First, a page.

# Question about torque and center of mass [duplicate]

If a yo-yo's string is not attached to anything and the yo-yo is dropped, it is obvious it will fall at $g$. In this scenario, Tension of string = 0.

If a yo-yo's string is attached to a cieling and it is dropped, what is $R$ (path of center of mass)? Well, we know from experience that the yo-yo is going to fall at least, but is it going to fall at $g$? We know it is rotating as well. What would $T$ (tension of string) be? Would $T$ = yo-yo's mass * gravity?

Assume that there is no friction.

A related question is: if there is a stick in space and a force is applied to the center of mass, and for another stick in space an equivalent force is applied to the edge of the stick, will both sticks' center of mass move the same? Would the 2nd stick be rotating?

## marked as duplicate by ja72, ACuriousMind♦, Ali, Danu, Kyle KanosSep 13 '14 at 18:29

• Applying Newton's 2nd law will get you part of the way in the yo-yo case. And it will get you all of the way in the stick case. – BMS Sep 11 '14 at 6:31
• – ja72 Sep 13 '14 at 16:08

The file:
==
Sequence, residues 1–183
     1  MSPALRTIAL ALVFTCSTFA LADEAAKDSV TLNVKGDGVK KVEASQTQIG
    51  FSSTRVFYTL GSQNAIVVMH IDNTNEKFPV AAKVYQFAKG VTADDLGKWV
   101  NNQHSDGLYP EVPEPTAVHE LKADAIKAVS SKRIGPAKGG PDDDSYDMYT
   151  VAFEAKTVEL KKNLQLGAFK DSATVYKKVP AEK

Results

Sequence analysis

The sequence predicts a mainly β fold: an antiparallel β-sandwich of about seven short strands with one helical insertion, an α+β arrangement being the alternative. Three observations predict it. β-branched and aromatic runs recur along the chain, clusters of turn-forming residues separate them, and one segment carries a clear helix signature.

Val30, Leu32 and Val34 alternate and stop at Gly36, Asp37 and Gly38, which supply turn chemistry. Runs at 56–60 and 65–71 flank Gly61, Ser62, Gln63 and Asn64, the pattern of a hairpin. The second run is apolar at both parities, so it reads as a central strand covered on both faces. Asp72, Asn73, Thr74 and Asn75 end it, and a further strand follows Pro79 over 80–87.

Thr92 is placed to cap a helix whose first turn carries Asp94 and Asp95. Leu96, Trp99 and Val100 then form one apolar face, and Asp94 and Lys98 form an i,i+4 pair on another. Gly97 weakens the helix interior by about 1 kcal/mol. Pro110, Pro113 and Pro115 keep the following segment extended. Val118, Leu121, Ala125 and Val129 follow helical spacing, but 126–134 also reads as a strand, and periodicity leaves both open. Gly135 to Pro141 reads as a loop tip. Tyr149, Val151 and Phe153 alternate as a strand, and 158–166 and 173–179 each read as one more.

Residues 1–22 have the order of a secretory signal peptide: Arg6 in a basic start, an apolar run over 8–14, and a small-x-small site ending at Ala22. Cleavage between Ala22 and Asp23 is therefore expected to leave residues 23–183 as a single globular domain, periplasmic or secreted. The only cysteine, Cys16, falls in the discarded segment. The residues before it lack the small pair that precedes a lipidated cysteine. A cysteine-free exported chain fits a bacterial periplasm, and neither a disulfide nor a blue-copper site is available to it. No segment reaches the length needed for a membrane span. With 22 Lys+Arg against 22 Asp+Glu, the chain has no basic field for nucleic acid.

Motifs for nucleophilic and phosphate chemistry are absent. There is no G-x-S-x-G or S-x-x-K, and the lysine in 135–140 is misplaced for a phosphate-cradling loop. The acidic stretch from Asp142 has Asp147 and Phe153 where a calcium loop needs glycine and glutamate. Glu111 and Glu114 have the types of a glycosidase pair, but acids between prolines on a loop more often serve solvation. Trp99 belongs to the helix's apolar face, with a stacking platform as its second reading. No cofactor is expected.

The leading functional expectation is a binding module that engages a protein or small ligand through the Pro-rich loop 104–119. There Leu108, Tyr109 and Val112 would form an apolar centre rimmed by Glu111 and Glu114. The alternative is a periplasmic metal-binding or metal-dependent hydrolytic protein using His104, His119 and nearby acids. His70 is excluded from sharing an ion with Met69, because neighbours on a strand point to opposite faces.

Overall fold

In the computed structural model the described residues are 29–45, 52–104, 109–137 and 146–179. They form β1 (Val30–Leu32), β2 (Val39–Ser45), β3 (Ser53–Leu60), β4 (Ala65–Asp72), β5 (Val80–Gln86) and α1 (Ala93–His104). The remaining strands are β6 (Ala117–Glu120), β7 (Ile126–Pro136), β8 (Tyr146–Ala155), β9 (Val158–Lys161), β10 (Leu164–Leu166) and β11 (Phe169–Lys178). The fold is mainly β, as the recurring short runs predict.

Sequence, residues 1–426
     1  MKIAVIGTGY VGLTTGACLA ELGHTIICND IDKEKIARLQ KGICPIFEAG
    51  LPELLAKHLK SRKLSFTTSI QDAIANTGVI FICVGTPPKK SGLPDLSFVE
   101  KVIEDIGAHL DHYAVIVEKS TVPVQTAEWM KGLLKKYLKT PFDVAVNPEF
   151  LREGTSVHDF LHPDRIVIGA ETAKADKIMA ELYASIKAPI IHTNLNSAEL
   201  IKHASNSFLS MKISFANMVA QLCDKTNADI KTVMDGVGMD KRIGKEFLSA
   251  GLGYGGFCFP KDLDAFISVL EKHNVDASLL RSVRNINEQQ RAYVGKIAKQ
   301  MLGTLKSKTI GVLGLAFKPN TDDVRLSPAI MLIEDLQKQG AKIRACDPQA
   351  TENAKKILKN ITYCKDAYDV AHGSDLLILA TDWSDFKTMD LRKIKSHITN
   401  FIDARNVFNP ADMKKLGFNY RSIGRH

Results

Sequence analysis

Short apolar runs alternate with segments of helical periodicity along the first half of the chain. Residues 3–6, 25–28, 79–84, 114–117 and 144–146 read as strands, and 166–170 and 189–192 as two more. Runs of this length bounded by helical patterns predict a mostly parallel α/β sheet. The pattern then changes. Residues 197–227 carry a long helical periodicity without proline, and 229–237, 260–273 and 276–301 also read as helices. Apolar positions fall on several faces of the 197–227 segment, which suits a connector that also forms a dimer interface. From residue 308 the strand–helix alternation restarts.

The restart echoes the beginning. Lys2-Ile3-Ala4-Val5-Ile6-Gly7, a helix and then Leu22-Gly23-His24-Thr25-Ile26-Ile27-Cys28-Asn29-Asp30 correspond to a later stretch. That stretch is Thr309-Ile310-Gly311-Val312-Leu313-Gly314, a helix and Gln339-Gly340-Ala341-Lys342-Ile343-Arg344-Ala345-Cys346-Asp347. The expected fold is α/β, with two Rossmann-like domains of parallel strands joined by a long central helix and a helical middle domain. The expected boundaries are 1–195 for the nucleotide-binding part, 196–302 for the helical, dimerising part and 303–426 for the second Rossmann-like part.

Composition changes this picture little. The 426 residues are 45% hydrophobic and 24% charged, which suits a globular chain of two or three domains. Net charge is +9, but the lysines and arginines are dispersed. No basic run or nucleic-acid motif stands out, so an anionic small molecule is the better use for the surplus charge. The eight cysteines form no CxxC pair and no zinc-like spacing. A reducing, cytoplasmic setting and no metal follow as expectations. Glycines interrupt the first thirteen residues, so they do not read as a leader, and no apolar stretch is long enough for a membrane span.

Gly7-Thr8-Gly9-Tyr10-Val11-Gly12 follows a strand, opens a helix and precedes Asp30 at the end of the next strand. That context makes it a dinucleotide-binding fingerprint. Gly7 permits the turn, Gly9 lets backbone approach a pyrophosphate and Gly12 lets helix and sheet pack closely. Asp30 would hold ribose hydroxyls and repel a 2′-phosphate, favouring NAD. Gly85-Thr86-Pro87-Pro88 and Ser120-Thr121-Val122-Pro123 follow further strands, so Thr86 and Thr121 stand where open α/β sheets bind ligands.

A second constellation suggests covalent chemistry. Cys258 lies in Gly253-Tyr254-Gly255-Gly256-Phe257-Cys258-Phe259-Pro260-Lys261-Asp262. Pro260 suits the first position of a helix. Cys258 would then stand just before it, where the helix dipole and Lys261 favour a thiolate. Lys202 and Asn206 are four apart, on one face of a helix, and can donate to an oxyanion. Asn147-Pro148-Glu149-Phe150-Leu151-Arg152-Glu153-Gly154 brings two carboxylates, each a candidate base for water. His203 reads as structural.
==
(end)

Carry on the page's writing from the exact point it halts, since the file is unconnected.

For the yo-yo question:

what is R (path of center of mass)?

Think about how a yo-yo works - there's a string attached to a center axis and wound around itself. This means that your string attached to the ceiling will be applying tension T at some distance r away from the yo-yo's center of mass. But because the string is not fixed but wound around itself, what happens to the yo-yo?

Hint: your location of tension T changes (r decreases) as the yo-yo unwinds.

Well, we know from experience that the yo-yo is going to fall at least, but is it going to fall at g?

Draw yourself a torque/moment diagram with your forces applied at the correct location (tension T up from wherever the string attaches to the yo-yo in the wound state, and mg down from the center of mass). Where is your acceleration happening as a result of the tension T? Think of a ball rolling on the ground with an acceleration applied tangent to the top surface. How much does the COM accelerate?

Hint: if your acceleration is applied away from your COM, the COM acceleration will always be less.

What would T (tension of string) be? Would T = yo-yo's mass * gravity?

You can find this using a free body diagram and solving your force balance equation.